Electronic Design with Excel


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ADC Function



Regardless if you are an analog or digital person, sometimes you have to get from one domain to the next. We'll use VBA to create one of the simplest ADC functions possible - ADC_Function.xls. But even this simple implementation will throw some light onto ADC concepts such as LSBs, resolution, output counts and speed. (For other topics see the VBA page.)

The ADC operation can be defined by a few parameters.

N Bits   - Defines how many binary bits represent the analog voltage.
Vmin    - The minimum analog voltage to be converted to digital output.
Vmax   - The maximum analog voltage to be converted to digital output.

How does an ADC work? It essentially divides the analog range (Vmin to Vmax) into 2^N levels. For each level, there's a corresponding digital value from 0 to 2^N-1. The ADC takes the input voltage, finds the closest discrete analog level and assigns the corresponding digital count to the ADC output.

Between any two levels, the voltage difference is V_LSB = (Vmax-Vmin)/2^N. For a N = 3 bit converter whose input range is 0 to 4V, the converter looks like this.

N Bits 3
Vmin 0
Vmax 4
Levels 8 2^N  
V LSB 0.5 (Vmax-Vmin)/2^N

You can't measure, or resolve, any voltage smaller than the V_LSB = 0.5V. If you need more resolution, increase the number of bits.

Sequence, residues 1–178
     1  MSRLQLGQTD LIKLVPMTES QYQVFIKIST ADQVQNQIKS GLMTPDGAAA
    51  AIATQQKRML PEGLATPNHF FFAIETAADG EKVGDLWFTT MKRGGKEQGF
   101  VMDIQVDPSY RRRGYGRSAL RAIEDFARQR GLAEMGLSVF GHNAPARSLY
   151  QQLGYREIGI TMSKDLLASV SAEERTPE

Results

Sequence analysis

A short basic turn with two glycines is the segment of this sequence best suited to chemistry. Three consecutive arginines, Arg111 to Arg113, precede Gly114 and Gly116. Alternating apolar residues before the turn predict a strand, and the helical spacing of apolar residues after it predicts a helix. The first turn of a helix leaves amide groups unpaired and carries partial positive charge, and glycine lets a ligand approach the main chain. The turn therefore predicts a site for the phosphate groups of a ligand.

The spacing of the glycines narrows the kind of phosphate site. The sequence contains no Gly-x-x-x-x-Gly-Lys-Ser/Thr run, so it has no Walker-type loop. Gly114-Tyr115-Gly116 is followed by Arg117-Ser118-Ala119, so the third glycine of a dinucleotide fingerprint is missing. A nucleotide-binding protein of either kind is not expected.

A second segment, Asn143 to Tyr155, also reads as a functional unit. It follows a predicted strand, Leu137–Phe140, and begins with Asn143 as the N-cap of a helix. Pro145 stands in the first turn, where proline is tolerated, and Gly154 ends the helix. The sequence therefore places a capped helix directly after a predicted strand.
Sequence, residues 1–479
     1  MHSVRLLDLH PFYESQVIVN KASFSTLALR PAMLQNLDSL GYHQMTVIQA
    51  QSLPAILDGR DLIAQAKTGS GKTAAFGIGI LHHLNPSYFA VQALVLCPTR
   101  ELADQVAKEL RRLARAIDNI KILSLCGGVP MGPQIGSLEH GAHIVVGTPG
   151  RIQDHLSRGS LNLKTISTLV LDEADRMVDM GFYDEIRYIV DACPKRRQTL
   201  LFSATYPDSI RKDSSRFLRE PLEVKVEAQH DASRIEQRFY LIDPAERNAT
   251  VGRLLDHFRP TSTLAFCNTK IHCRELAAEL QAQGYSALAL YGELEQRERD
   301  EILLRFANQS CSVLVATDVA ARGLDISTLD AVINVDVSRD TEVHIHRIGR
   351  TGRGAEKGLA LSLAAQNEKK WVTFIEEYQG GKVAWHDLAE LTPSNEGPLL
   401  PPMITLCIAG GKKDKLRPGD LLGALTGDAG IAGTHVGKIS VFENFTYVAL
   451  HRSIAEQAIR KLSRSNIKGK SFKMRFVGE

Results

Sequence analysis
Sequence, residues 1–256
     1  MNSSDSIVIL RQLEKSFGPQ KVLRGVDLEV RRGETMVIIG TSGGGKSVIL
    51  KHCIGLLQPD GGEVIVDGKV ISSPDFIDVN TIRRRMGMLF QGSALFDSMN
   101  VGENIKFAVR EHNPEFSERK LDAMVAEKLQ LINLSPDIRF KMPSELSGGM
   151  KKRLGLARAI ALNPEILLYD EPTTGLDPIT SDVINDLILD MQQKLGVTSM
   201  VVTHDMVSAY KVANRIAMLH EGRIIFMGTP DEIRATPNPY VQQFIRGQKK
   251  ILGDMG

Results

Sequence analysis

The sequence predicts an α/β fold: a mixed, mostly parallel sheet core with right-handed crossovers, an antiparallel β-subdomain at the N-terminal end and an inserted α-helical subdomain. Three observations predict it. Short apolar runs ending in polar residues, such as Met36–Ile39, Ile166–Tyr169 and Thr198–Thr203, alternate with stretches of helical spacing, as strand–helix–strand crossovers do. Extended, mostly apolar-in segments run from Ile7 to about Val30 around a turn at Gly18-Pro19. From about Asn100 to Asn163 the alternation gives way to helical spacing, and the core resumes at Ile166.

The VBA code for the ADC is fairly simple: find the closest discrete level to the input voltage and assign the corresponding digital value to the ADC's output.

Function ADCout(Vin, N, Vmin, Vmax)
' calculate ADC digital output given analog input voltage

Dim LSB, Vlevel, VthreshHI, VthreshLO As Double
Dim Count, CountMax As Integer

' find V_LSB and maximin digital output
LSB = (Vmax - Vmin) / (2 ^ N)
CountMax = (2 ^ N) - 1

ADCout = 0
' run sequentially through all possible ADC counts
For Count = 0 To CountMax

   ' calc the analog level for this count
   Vlevel = Vmin + Count * LSB

  ' calc the thresholds above and below the level
   VthreshHI = Vlevel + 1 / 2 * LSB
   VthreshLO = Vlevel - 1 / 2 * LSB

   ' if the input voltage is in the range,
   ' assign the Count to the ADC output
   If Vin > VthreshLO And Vin <= VthreshHI Then ADCout = Count

Next Count

' final check - for inputs below or above the analog range.
If Vin <= Vmin Then ADCout = 0
If Vin >= Vmin + 1 / 2 * LSB + CountMax * LSB Then ADCout = CountMax

End Function

To see the VBA code hit ALT-F11 and double click on the Modules > Module1 in the VBA Project window.

The code runs through every possible ADC count For Count = 0 To CountMax. For each count, the corresponding discrete level is calculated

   Vlevel = Vmin + Count * LSB

Next, the thresholds VthreshHI and VthreshLO are found, which define a voltage range 1/2 LSB above and 1/2 LSB below Vlevel.

   VthreshHI = Vlevel + 1 / 2 * LSB
   VthreshLO = Vlevel - 1 / 2 * LSB

For last step, the code checks if Vin falls between the thresholds. If yes, then the current count is assigned to the ADC output., If not, then move on to the next count.

After all the Counts have been run through, there's a final check if Vin fell outside the min or max discrete levels. If so, the ADC output gets assigned a 0 or CountMax.



For the initial run, we'll check out an N = 3 bit converter with Vmin=0V and Vmax=4V. This converter divides the range into 2^3 = 8 discrete levels with an V_LSB=0.5V. The code will run through every count, 0 to 7. Here's a table of Counts and Vlevel along with the HI and LO thresholds for each level.

Count Vlevel VthreshHI VthreshLO
0 0.0 0.25 -0.25V
1 0.5 0.75 0.25
2 1.0 1.25 0.75
3 1.5 1.75 1.25
4 2.0 2.25 1.75
5 2.5 2.75 2.25
6 3.0 3.25 2.75
7 3.5 3.75 3.25